What makes a house a home? For me, it’s the things inside it that shape our memories and, as is often the case, it’s the ones which are long gone that I cherish and miss the most. Like the ugly shelving unit in my childhood bedroom, which our dog managed to climb once to get to a tub of Nutella, the mermaids I drew on the flowery wallpaper near my pillow, or the kitsch figurines my grandparents had collected on their travels, that I would examine for hours.
Sean Wang (3,000 Miles) also felt compelled to revisit his roots in his tenderly observed and deeply personal documentary short Still Here. Shot in a remote village in Taiwan, the nine-minute film uses compositional brilliance to paint a compelling portrait of the fragility of our physical homes, and exudes compassionate intimacy for both the individuals who appear in it and the spaces around them. The result both breaks and warms the heart.
In a village in Kaohsiung, Taiwan, there are just 6 residents left. Refusing to move away from their beloved, but now almost entirely abandoned village, around them, what were once homes which housed happy and thriving families, are now empty structures, slowly crumbling to dust. Still Here pays homage to the past by turning each scene into a cinematic work of art, hanging in its 4:3 frame. The emptiness it depicts is haunting but the characters ground the mood with their positive attitudes and persuasive charm.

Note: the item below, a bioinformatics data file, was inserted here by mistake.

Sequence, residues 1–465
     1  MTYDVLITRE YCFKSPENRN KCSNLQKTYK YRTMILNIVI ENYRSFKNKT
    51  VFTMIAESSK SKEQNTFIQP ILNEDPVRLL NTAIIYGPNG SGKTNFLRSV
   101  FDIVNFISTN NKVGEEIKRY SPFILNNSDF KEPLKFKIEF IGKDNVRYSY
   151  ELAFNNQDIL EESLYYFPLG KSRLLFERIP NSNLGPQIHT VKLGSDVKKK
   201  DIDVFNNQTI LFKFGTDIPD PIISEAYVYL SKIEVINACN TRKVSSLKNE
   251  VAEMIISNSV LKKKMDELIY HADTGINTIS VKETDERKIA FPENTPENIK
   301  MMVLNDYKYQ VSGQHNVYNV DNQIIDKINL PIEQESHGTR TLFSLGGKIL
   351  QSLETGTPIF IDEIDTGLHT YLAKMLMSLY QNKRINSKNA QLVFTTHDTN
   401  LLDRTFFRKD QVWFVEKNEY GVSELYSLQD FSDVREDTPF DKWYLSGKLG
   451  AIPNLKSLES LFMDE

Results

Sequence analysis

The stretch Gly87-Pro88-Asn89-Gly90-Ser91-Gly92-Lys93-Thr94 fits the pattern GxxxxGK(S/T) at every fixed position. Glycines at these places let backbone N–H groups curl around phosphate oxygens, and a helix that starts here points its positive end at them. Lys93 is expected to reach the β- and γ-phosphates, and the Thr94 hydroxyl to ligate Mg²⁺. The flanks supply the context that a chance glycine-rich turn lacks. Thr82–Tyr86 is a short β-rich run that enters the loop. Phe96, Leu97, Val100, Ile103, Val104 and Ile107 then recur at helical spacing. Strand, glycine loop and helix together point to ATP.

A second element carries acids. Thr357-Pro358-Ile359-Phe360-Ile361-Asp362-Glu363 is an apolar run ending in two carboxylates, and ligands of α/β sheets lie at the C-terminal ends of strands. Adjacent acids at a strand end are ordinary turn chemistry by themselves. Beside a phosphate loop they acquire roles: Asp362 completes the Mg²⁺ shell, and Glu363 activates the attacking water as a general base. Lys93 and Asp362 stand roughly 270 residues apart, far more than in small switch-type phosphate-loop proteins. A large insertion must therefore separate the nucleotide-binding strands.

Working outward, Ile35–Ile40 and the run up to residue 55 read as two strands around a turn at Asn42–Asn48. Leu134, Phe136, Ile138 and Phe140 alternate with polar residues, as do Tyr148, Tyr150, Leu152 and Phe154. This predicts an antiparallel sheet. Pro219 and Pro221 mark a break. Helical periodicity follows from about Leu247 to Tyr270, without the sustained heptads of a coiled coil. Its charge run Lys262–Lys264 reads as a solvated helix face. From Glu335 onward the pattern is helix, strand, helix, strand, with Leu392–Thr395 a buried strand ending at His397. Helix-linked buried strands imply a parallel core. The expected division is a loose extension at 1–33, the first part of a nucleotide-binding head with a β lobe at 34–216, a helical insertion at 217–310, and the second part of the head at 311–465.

“Still Here was filmed in the village where my grandmother lived, my mother grew up, and where I spent my childhood summers”, Wang explains to S/W as we discuss the motivation behind his short. “Nine years ago, my grandmother moved out of the village. Recently, I discovered that not only did nobody move into my grandmother’s house after she left, but that the entire village had been displaced and decayed for years, except for a few residents who refused to leave. I was curious to find out what their lives were like now that the village was abandoned — and why they decided to stay”.
Still Here brought back so many bittersweet memories, since I too spent many happy summers in my own grandparents’ village as a child. The early ones of my family around the fire, or collecting apples in the heat, of laughter, singing and the neighbour’s dogs barking in the distance, were soon replaced by the sight of empty streets and the sour smell of an unloved house. A feeling that will be familiar for many around the world.
Sean Wang performs a powerful balancing act by weighing the heavy emptiness of the abandoned houses, against the abundance of life in the characters he interviews. With their fascinating stories, impressive collections of knick-knacks and wool sweaters, and their stubborn refusal to be brought down by the sadness spreading around them, the residents of Kaohsiung are impossible not to love. Their spirits lift the otherwise achingly somber documentary, just like they bring life into the otherwise entirely dead village, making us smile while holding back the tears.